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Corybas aconitiflorus facts for kids

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Cradle orchid
Spurred Helmet Orchid at Nightcap NP.JPG
Corybas aconitiflorus near Minyon Falls
Scientific classification
  • Corysanthes aconitiflorus (Salisb.) Druce
  • Corysanthes bicalcarata R.Br.

Corybas aconitiflorus, commonly known as the cradle orchid or spurred helmet orchid, is a species of terrestrial orchid endemic to eastern Australia, occurring from south-east Queensland to Tasmania. The small flowers have a hooded appearance as the uppermost sepal hides most of the rest of the flower. It is the type species of the genus Corybas.

Corybas aconitiflorus (Paradisus Londinensis 98)
Hooker's illustration in The Paradisus Londinensis: 1 – flower, half of the upper sepal cut away; 2 – half of the labellum showing one of the nectaries near the base; 3 – column, natural size; 4,5 – side and front view of the column magnified


Corybas aconitiflorus grows from a pair of small tubers, to which it dies down in the dormant season. The stems are short and upright, with generally a single flat, smooth, basal leaf. The leaf is dark green on the upper surface, purplish below, egg-shaped to heart-shaped, 15–35 mm (0.6–1 in) long and 10–30 mm (0.4–1 in) wide. The single greyish to reddish purple flower leans forward and is 25–30 mm (0.98–1.2 in) long and 10–12 mm (0.4–0.5 in) wide. The hooded dorsal sepal is 22–30 mm (0.9–1 in) long, 10–12 mm (0.4–0.5 in) wide and covers and hides most of the rest of the flower. The lateral sepals and petals are 1 or 2 mm (0.04 or 0.08 in) long and similar in appearance to each other. The labellum is much smaller than the petals and lateral sepals and is undivided, with its margins turned inwards. The thin column is wider at the base and has fused wings along its body. There are terminal persistent pollen masses (pollinia), cream in colour, fixed directly to the viscidia (sticky pads which adhere to pollinators). The flower is pollinated by fungus gnats but otherwise little is known about the pollination mechanism because the flower is hidden by the dorsal sepal and the species is difficult to cultivate.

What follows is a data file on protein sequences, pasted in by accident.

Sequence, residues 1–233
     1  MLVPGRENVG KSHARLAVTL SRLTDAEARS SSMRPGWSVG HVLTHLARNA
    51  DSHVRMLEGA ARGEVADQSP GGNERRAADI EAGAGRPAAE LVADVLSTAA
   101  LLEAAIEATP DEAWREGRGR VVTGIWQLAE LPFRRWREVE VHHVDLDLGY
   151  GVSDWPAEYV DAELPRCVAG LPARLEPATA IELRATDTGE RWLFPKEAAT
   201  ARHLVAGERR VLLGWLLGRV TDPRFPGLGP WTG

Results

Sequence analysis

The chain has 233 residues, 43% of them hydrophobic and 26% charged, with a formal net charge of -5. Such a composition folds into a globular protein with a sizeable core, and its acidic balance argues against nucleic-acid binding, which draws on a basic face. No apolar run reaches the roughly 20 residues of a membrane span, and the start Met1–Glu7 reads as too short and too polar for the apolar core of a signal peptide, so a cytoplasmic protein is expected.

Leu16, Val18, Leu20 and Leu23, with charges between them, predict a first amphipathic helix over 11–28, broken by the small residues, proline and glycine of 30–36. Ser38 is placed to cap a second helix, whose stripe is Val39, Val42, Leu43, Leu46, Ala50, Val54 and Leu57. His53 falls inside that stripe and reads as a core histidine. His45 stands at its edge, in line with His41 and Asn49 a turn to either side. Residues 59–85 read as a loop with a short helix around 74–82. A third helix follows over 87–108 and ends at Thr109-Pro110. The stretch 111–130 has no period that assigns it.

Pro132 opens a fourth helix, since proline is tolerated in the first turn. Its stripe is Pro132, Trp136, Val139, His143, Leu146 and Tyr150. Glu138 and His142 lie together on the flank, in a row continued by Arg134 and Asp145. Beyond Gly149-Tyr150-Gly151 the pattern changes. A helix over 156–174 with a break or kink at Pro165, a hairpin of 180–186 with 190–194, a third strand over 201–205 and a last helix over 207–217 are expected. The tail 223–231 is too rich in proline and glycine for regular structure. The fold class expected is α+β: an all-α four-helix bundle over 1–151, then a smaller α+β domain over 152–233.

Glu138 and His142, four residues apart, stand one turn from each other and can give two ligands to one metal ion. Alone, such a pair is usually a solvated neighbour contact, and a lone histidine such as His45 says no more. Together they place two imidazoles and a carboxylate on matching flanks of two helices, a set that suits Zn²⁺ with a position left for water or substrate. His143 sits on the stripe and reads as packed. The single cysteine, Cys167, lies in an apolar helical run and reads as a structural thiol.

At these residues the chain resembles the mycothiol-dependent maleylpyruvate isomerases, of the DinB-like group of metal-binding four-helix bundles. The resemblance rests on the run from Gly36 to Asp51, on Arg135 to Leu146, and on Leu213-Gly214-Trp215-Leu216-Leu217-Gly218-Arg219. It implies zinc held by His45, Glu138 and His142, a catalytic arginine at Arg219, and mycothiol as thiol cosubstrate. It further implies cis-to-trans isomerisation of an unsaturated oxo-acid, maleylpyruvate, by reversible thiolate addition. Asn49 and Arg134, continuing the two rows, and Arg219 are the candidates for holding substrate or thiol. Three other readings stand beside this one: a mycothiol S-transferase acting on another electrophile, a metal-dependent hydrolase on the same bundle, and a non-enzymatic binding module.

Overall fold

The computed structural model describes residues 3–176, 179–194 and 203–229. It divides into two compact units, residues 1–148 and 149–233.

Corybas aconitiflorus was first formally described by Richard Salisbury in The Paradisus Londinensis in 1807, where it was illustrated by William Hooker. This was also the source of the genus name Corybas. Both the genus name and the specific epithet refer to the shape of the flower. Corybas is derived from the Greek Κορύβας (Korybas), a male dancer who worshipped the goddess Cybele, shown in illustrations wearing a crested helmet. The specific epithet aconitiflorus means "with a flower like Aconitum (monkshood)".

In 2002, David Jones, Mark Clements and others proposed splitting Corybas into eight smaller genera including Corybas, Anzybas, Corysanthes and Nematoceras. However, because Corybas aconitiflorus is the type species of the genus, it will remain in Corybas.

Distribution and habitat

The cradle orchid grows in heath and forest, mostly in coastal and near coastal districts. It occurs in Queensland south from Gympie, in eastern New South Wales and in south-eastern Victoria with isolated populations in the west of the state. It also occurs in the north and east of Tasmania.

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